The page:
Also, everyone knows that the reason people desire to go to a specific court with a speedy trial date is to avoid lower standard of Preponderant Evidence petitioners enjoy at the PTAB against small inventors vs the court standard of Clear and Convincing Evidence. Judge Paul Michel says this is a design defect in the statutory scheme. https://www.ipwatchdog.com/2021/09/16/celebrating-the-america-invents-act-ten-years-on-many-ip-stakeholders-say-time-for-second-look/id=137631/

    If Congress would create the same evidentiary standard at the PTAB as in district court, the desire to go to a specific court having a speedy trial date in hopes to avoid the PTAB would degrade and alleviate this “venue problem”. It would also yield consistent results across the executive and judicial branches, providing predictability and trust in the patent grant, which is what the People want.

    So Congress should do that.

    And if Congress desires to reform venue, it should at least allow inventors to bring suit in districts where they did their research. Inventors on the face of patents are not trolls who forum shop. They are the Inventors who disclose their ideas. Enabling the true Inventors to defend their patents where they did their research would reduce their expenses, further incentivizing innovation, public disclosure of inventions, and the progress of the arts and sciences.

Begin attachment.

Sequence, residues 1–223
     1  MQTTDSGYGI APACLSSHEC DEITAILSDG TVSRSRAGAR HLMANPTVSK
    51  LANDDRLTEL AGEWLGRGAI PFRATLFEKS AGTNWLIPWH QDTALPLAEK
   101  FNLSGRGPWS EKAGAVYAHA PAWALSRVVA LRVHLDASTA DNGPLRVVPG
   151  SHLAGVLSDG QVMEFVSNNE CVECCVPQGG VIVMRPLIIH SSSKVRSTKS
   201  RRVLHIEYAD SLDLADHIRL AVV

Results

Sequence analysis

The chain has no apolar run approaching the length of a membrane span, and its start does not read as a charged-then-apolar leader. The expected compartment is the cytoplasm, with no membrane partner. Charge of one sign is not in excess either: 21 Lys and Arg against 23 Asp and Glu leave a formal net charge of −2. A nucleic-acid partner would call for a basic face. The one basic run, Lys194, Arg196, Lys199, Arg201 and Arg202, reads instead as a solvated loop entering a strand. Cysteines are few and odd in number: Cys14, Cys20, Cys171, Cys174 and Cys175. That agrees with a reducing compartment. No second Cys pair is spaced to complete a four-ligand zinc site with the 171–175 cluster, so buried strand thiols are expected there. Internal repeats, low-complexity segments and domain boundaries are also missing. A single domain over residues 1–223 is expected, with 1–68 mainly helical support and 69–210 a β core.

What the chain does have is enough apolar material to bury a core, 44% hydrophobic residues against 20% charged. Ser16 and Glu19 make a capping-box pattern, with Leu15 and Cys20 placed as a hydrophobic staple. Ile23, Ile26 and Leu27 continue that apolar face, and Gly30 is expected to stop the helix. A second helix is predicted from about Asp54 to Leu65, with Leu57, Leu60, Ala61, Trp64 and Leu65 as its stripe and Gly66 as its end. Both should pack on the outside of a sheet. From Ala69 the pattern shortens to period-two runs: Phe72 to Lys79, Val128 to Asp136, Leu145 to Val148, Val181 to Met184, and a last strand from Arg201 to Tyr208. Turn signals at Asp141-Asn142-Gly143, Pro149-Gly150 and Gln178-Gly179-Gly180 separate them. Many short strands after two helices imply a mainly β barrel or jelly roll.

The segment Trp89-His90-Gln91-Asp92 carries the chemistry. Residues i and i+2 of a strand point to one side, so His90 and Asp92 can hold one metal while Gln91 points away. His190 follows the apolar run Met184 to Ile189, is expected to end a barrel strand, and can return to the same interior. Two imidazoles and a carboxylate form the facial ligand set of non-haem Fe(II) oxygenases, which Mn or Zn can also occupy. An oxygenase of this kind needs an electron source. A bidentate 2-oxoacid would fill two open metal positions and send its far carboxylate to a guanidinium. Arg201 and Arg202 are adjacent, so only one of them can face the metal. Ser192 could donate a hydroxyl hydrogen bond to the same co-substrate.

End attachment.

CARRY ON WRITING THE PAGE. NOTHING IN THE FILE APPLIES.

Legislation on this very thing was in the works, but it was tabled because TC Heartland was being handed down. Congress needs to pick that back up and help inventors and their places of research here on venue.

  • [Avatar for Greg DeLassus]
    Greg DeLassus
    January 5, 2022 11:17 pm

    If Congress would create the same evidentiary standard at the PTAB as in district court, the desire to go to a specific court… to avoid the PTAB would degrade and alleviate this “venue problem”.

    I doubt that this is true, but Congress should definitely try the proposed retorm. The evidentiary standard rarely makes a difference to the outcome. The IPR scheme would be more Constitutionally sound if clear-&-convincing were the standard in both district court and the PTAB.

Add Comment

Your email address will not be published.